Researchers from Oxford have found a link between a diagnosis of COVID-19 and the subsequent diagnosis of several psychiatric and neurological conditions, including dementia. The study is published today (Tuesday 6 April) in The Lancet Psychiatry.
Dr Sara Imarisio, Head of Research at Alzheimer’s Research UK, said: “ Previous studies have highlighted that people with dementia are at higher risk of developing severe COVID-19. This new study investigates whether this relationship may also hold in the other direction.
“This retrospective study, mainly based on US data, indicates that people are at an increased risk of being diagnosed with dementia in the six months following a COVID-19 diagnosis, compared to those diagnosed with the flu or other respiratory disease. This risk is highest for those who were admitted to intensive treatment units.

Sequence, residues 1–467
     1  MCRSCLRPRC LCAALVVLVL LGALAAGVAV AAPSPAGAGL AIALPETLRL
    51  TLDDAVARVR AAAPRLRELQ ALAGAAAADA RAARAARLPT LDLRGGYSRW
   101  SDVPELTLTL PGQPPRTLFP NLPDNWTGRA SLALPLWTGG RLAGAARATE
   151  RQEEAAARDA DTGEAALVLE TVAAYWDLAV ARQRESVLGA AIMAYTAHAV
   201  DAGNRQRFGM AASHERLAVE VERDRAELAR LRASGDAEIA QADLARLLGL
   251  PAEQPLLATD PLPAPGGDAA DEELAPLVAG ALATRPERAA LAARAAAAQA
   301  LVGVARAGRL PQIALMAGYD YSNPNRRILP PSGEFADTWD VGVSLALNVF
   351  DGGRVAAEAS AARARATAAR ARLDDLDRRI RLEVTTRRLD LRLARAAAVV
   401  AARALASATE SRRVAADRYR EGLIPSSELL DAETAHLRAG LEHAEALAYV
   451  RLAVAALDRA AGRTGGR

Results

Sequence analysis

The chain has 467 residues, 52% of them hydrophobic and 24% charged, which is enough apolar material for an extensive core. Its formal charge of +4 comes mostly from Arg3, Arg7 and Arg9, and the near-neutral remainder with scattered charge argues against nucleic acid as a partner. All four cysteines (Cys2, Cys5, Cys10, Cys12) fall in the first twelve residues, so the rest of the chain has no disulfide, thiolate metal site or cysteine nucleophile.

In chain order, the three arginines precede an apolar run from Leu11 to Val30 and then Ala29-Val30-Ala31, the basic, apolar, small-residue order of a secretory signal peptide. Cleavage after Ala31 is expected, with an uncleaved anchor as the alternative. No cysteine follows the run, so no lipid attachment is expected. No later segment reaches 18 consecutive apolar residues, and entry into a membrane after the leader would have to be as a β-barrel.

“While this study analysed data from the first six months following a COVID-19 diagnosis, this increased risk may not be limited to this time frame. Given that the peak of COVID-19 hospitalisations in the UK occurred in January this year, and we already expect a backlog of people waiting to come forward or be seen about memory concerns, services must be prepared to deal with a large number of potential dementia cases.
“The study doesn’t focus on the cause of this relationship and it is important that researchers get to the bottom of what underlies these findings. While COVID-19 has already had a disproportionate effect on people with dementia in many ways, these neurological impacts are an additional concern and must be a focus of future research efforts into the long-term impact of the virus.”